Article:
A WOMEN’S rights activist from Iran has told how she fled the country after a video of her throwing stones at a picture of its Supreme Leader went viral.
“Mina” was speaking at a meeting of the Henley Women’s Network at Leander Club on Friday.
Fifty-four women, including Henley Mayor Kellie Hinton, attended the event.
Mina, 40, joined protests which broke out in Iran last year after
22-year-old Mahsa Amini died in the custody of the “morality police” after allegedly violating Iran’s mandatory headscarf law.
She told how she was arrested by the regime for her role in the Woman, Life, Freedom movement, which was sparked by Amini’s death.
Speaking through a translator, she said: “I couldn’t stay at home and close my eyes to these things. This young generation, they are very brave. You find it very hard when you see the young generation out on the street.”
She was recorded by police cameras standing on a car and throwing stones at an image of the country’s head of state, Ali Khamenei.
She was arrested and subjected to 12 hours of interrogation daily for 35 days. Despite death threats against her and her family, she refused to go on television and “confess”.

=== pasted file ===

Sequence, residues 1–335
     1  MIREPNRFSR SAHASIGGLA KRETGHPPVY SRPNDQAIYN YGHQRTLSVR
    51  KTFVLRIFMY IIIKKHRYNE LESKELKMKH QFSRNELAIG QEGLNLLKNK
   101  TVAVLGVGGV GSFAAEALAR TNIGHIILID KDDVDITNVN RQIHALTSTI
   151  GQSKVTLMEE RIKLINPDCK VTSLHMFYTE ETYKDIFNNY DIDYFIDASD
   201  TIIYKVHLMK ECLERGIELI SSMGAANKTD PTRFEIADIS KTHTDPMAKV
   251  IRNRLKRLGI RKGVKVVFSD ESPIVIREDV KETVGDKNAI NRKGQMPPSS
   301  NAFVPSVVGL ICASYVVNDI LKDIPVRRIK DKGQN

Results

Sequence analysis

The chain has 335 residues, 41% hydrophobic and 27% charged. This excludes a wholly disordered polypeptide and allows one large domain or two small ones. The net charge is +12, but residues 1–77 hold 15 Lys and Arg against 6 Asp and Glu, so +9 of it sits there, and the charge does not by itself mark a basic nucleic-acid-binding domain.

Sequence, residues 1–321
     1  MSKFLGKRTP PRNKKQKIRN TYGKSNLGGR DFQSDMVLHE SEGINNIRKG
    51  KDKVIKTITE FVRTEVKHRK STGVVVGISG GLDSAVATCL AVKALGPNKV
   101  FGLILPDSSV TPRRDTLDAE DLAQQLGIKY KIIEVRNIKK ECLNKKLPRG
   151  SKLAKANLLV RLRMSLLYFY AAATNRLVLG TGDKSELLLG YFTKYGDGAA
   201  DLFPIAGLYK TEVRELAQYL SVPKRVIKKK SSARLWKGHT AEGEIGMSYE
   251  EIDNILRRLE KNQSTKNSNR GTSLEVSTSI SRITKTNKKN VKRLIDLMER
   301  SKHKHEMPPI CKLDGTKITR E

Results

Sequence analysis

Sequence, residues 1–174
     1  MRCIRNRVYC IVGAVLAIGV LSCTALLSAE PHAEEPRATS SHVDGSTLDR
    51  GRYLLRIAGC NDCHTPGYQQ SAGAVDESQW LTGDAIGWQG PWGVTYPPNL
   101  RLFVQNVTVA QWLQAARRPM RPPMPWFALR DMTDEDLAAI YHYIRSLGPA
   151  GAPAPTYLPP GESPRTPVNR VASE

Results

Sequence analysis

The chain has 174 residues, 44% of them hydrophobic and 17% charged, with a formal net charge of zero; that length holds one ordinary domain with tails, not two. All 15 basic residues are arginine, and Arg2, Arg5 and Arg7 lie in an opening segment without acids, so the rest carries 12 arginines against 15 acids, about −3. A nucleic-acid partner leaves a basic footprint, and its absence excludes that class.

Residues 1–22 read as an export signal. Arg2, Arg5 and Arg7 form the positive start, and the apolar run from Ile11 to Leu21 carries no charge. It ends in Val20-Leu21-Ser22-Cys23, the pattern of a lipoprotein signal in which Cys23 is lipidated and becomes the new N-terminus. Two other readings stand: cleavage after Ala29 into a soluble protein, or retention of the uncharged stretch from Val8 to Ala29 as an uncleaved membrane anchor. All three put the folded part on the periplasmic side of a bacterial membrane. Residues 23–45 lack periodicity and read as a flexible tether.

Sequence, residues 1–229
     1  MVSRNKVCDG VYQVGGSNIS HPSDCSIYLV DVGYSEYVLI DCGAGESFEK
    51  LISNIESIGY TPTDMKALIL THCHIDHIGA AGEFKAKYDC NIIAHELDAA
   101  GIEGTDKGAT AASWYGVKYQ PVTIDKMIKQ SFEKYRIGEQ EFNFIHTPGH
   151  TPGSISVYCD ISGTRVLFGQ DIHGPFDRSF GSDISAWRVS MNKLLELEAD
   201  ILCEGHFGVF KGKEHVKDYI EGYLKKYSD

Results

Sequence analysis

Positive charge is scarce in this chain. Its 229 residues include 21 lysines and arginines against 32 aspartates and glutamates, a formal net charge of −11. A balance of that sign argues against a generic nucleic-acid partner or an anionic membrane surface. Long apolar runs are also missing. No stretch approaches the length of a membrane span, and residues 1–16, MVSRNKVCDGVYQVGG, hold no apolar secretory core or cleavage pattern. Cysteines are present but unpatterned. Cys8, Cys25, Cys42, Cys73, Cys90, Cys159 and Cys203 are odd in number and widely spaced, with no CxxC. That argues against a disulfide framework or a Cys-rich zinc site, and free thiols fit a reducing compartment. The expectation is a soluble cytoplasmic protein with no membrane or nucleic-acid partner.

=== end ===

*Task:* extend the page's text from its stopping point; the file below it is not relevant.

Eventually, she was blindfolded and thrown off th second floor of the prison but survived her injuries and was taken to hospital where one of her former students, who was working there, saw her and told her family where she was.
Mina was sentenced to 85 lashes and 11 years in prison but fled the country with her brother, Madhi, who had also taken part in the protests.
She left without being able to say goodbye to her 12-year-old daughter, Taranom.
Mina, who is currently applying for asylum in Britain, said: “Thank you to people in England. It’s very bad there for us. I was in a bad condition but people in England help you so much. I’m feeling so good after our meeting today.
“I wanted to fight to bring freedom for Iranian women. I hope my country will soon be free. I hope to go home.”
Angela McDowall, an executive PA who is a member of the network, said: “It’s a great reminder of how we take our freedom for granted. It brought home how we should appreciate every moment of it and how we need to use every opportunity we have to use our freedom for good.”
The Mayor said: “I’m really grateful that Mina was able to come to Henley and share her story.”
Harriet Barcella, a life coach who organises the network, said: “Mina’s story was the last in a year of extraordinary guest speakers that we have hosted.
“From the outset we wanted to provide a space for inspiring stories to spark great conversations and genuine connection in a warm and supportive environment.
“It felt like Mina’s story really epitomised everything we have set out to achieve and it was a huge privilege to give her a platform.
“On a personal level, hearing her story of bravery, resilience and activism was deeply moving and inspiring — it will stay with me for a very long time.”
Mina is currently being supported by Care4Calais while her asylum claim is being processed.
Source » henleystandard